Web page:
This information is intended for US healthcare professionals.

Stages of T1D

Unravel the presymptomatic (Stage 1 and 2) story behind T1D

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Once two or more autoantibodies develop and a patient begins experiencing dysglycemia, progression from Stage 2 T1D to Stage 3 T1D is inevitable. It’s not a matter of IF, but WHEN.

Type 1 diabetes mellitus is a chronic autoimmune-mediated disease that attacks pancreatic beta cells and is distinct from type 2 diabetes.1-3

Damage to beta cells begins months to years before the onset of Stage 3 T1D symptoms; those at increased risk may not be aware of the permanent beta-cell loss that is occurring.2

The decline in beta-cell function occurs in 3 distinct stages4,5

Stages 1 through 3 beta cell decline in patients with Type 1 diabetes graphicStages 1 through 3 beta cell decline in patients with Type 1 diabetes graphic

Stage 3 includes the “honeymoon phase,” a period following clinical diagnosis when the pancreas is still able to produce a sufficient amount of insulin to reduce exogenous insulin needs and aid blood glucose control.6

The presence of autoantibodies is a strong predictor of T1D6

In T1D, islet autoantibodies attach to healthy beta cells, targeting them for autoimmune-mediated destruction. Most patients who test positive for 2 or more autoantibodies will progress to Stage 3 T1D given enough time5,7:

Stage 1 and 2 T1D risks infographicStage 1 and 2 T1D risks infographic

Progression from Stage 1 (presymptomatic) to Stage 3 (clinical onset) occurs more rapidly the younger a patient is.5

Islet autoantibodies: glutamic acid decarboxylase antibody (GADA), insulin (IAA), IA-2 antigen (IA-2A), zinc transporter 8 (ZnT8A), and islet-cell Ab (ICA).3,8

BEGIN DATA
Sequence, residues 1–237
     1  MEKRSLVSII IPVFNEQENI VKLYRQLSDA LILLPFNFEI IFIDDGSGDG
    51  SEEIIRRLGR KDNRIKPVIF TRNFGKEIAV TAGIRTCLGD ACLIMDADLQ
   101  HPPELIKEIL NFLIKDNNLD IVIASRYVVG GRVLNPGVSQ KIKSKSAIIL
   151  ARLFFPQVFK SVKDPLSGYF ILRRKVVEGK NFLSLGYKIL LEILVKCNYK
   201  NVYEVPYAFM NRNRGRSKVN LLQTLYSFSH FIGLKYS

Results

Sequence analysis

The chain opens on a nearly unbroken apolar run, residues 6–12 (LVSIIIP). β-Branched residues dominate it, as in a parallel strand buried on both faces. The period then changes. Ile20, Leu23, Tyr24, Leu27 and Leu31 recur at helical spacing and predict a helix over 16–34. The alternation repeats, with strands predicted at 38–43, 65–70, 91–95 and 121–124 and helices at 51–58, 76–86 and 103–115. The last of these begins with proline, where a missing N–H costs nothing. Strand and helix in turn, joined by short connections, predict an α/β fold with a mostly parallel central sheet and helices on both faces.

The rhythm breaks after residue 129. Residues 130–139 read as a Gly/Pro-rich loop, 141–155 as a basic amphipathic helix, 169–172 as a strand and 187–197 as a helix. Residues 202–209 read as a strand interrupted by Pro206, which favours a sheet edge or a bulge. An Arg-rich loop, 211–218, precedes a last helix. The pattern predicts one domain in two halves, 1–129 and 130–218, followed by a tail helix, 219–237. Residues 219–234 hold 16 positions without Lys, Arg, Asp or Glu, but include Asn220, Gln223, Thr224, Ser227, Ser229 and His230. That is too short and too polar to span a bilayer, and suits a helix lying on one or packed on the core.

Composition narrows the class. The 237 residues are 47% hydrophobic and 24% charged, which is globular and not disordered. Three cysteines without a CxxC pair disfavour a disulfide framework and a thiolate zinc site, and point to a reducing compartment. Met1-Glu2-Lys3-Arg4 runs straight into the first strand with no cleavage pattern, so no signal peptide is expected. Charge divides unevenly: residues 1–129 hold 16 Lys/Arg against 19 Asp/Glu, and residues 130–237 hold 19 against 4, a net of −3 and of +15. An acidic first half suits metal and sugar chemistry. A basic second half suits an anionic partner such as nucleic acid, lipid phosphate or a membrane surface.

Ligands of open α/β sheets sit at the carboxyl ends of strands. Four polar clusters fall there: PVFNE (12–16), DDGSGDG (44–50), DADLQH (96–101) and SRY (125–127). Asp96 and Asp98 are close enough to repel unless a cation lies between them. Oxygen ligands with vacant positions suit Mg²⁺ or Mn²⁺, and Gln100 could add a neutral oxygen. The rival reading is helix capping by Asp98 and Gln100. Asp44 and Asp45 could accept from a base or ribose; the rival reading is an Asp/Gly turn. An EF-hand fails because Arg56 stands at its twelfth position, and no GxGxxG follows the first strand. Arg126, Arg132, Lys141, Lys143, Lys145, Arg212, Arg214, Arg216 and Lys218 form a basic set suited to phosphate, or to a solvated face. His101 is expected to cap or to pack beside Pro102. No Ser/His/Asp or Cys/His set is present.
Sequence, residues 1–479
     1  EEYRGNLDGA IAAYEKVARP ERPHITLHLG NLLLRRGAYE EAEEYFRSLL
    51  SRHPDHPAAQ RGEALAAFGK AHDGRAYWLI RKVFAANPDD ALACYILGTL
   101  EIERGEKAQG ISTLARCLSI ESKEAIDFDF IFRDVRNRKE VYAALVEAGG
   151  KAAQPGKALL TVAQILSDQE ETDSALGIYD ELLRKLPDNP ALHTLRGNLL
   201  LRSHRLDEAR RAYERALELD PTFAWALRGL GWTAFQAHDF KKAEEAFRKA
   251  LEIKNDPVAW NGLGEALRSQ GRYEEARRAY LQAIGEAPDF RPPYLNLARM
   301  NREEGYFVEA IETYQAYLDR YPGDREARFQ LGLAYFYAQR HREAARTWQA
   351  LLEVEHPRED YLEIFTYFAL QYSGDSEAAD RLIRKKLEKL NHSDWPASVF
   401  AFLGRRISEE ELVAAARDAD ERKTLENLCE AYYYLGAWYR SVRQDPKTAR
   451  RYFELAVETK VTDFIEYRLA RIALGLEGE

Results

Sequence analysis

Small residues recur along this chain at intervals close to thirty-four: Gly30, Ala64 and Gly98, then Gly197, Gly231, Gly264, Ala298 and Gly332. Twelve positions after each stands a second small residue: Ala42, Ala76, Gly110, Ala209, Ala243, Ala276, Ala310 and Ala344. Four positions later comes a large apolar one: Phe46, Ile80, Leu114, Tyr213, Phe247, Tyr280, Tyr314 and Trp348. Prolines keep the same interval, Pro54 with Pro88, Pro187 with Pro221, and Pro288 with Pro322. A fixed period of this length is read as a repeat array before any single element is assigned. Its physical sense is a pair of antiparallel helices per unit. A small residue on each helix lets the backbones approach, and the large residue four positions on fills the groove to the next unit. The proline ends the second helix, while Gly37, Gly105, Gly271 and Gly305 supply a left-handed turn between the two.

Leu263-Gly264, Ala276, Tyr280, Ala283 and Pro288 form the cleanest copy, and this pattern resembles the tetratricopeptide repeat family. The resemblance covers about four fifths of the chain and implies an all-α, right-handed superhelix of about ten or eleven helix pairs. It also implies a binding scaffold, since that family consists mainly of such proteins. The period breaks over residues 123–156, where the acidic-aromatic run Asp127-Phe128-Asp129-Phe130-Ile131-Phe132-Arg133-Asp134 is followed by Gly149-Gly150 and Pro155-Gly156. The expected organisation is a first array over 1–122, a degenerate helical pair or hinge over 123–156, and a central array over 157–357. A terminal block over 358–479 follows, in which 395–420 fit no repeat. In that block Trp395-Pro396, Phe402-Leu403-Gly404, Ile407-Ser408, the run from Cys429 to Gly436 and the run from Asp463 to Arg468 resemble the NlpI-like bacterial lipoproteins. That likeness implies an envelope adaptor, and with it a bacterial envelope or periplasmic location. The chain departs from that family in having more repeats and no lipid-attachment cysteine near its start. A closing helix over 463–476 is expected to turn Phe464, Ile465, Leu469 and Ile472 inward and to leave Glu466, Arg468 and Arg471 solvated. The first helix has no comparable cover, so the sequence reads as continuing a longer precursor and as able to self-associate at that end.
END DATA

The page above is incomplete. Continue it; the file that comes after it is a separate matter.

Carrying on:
Understanding the 3 stages of progression and the role of autoantibodies in T1D is critical to avoiding DKA at Stage 3 onset9,10

1. American Diabetes Association. Learn the genetics of diabetes. Accessed December 2, 2022.

2. Ziegler AG, Rewers M, Simell O, et al. Seroconversion to multiple islet autoantibodies and risk of progression to diabetes in children. JAMA. 2013;309(23):2473-2479.

3. Scheiner G, Weiner S, Kruger DF, Pettus J. Screening for type 1 diabetes: role of the diabetes care and education specialist. ADCES Pract. September 2022:20-23.

4. Couper JJ, Haller MJ, Greenbaum CJ, et al. ISPAD Clinical Practice Consensus Guidelines 2018: stages of type 1 diabetes in children and adolescents. Pediatr Diabetes. 2018;19(suppl 27):20-27.

5. Insel RA, Dunne JL, Atkinson MA, et al. Staging presymptomatic type 1 diabetes: a scientific statement of JDRF, the Endocrine Society, and the American Diabetes Association. Diabetes Care. 2015;38(10):1964-1974.

6. JDRF. Honeymoon Phase. Accessed December 8, 2022. https://www.jdrf/org/t1dresources/about/honeymoon-phase/

7. Xie Z, Chang C, Zhou Z. Molecular mechanisms in autoimmune type 1 diabetes: a critical review. Clin Rev Allergy Immunol. 2014;47(2):174-192.

8. Raab J, Haupt F, Scholz M, et al; Fr1da Study Group. Capillary blood islet autoantibody screening for identifying pre-type 1 diabetes in the general population: design and initial results of the Fr1da study. BMJ Open. 2016;6(5):e011144.

9. Barker JM, Goehrig SH, Barriga K, et al; DAISY study. Clinical characteristics of children diagnosed with type 1 diabetes through intensive screening and follow-up. Diabetes Care. 2004;27(6):1399-1404.

10. Elding Larsson H, Vehik K, Bell R, et al. Reduced prevalence of diabetic ketoacidosis at diagnosis of type 1 diabetes in young children participating in longitudinal follow-up. Diabetes Care. 2011;34(11):2347-2353.